- 30 Sep 09, 09:22 GMT
Earlier this week, I spent an hour inside Google's London headquarters chatting to two developers, swapping photos, editing documents - and playing a bit of sudoku. What was unusual was that Lars Rasmussen and Stephanie Hannon were joining the conversation from Sydney in Australia.
That is where the Google Wave development team is based and they were demonstrating the search firm's hottest new application, which is now being made available to around 100,000 trial users.
I knew that Wave was a collaborative tool that had caused a great deal of excitement when it was demonstrated at a Google developers conference in May. But it took me some time to puzzle out what makes it really different - and, despite its sheer cleverness, I'm still not entirely sure that it will take off.
Lars and Stephanie started the demo by launching a "wave" - much like starting a conversation - and inviting me to join (I was using the login of a London-based Googler). Then we began exchanging messages - rather as you would in any instant messaging application. The only difference seemed to be that we each could see what the others were writing even before they had sent their messages, which meant that even before I had completed "how is the weather in Sydney?", Lars was typing back that it was sunny.
When I suggested that this appeared to be little more than a combination of e-mail and instant messaging on steroids, they said that was not a bad description but there was a lot more. Collaborative editing, for instance, which allows you to alter documents or messages sent by others in the wave, as well as your own. Then there is the ability to post photos into the wave and let others share them, or edit them. But it's also a new platform open to developers - Lars and Stephanie showed me a sudoku game, which is one of a number of Wave plugins already available, even before the launch.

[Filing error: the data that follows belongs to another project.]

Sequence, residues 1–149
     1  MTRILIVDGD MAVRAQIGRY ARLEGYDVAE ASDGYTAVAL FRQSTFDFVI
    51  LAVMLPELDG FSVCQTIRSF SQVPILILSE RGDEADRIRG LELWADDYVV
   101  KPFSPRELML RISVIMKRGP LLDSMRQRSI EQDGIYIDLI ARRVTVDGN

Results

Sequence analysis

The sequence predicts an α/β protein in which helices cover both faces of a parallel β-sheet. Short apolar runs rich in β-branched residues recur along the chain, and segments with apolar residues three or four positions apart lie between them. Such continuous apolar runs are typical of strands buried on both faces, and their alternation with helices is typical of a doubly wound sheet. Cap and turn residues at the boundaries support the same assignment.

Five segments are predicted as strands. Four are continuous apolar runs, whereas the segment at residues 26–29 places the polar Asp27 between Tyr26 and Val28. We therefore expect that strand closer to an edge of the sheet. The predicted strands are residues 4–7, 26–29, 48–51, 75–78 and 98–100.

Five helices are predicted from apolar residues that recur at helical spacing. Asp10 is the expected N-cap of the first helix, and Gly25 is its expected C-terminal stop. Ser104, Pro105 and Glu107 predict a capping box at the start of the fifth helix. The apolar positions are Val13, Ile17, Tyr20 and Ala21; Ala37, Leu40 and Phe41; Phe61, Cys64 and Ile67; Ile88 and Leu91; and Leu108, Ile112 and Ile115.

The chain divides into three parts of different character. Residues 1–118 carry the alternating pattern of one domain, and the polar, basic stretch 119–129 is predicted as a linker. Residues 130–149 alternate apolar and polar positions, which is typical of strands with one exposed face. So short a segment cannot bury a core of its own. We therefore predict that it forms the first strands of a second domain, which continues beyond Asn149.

They described a few user cases - you might want to plan a trip, swapping maps, editing schedules, and then posting photos to the wave afterwards. Or perhaps you might be working with a team on a major report for your employer, using Wave to write, discuss and edit the document.
But surely the kind of people who want to plan a trip together will use the likes of Facebook to do that? And there are already tools which let colleagues collaborate on work projects. I use Google Docs, although I often find it difficult to persuade others to join up - they usually prefer to have the document e-mailed to them.
And that's the big question: will Google Wave achieve the network effect it needs to be a real winner?
I can see that it's a useful way of bringing together the best aspects of e-mail, instant messaging and social networking sites in one browser-based application. It's been developed by people for whom it is natural to collaborate online - but is there a critical mass of users like that out there?
I asked a friend who often works on big reports with a team of people scattered around the world whether Google Wave might be the answer for her.
Right now, she tends to e-mail reports in Microsoft Word format, back and forth, with changes clearly visible simply by the date-stamp on each version. She had immediate questions about Wave.
For example, could one person be in charge of editing? And could you work offline, so that you could read your Wave document on, say, a plane and then upload the changes when you landed?
Google says that there is a playback function which allows you to remove or edit contributions, and it's working on an offline version. My friend still seemed dubious, and she's reasonably open-minded - so maybe getting the network effect going will prove a challenge.
It's worth remembering too that not every Google product is a winner - for every Gmail, there's a Google Answers languishing in the outer reaches of cyberspace. Still, the proof of the pudding will be in what those 100,000 test users find to do with their waves. I hope to be among them, so will report back when I've given the tyres a good kicking.
The BBC is not responsible for the content of external internet sites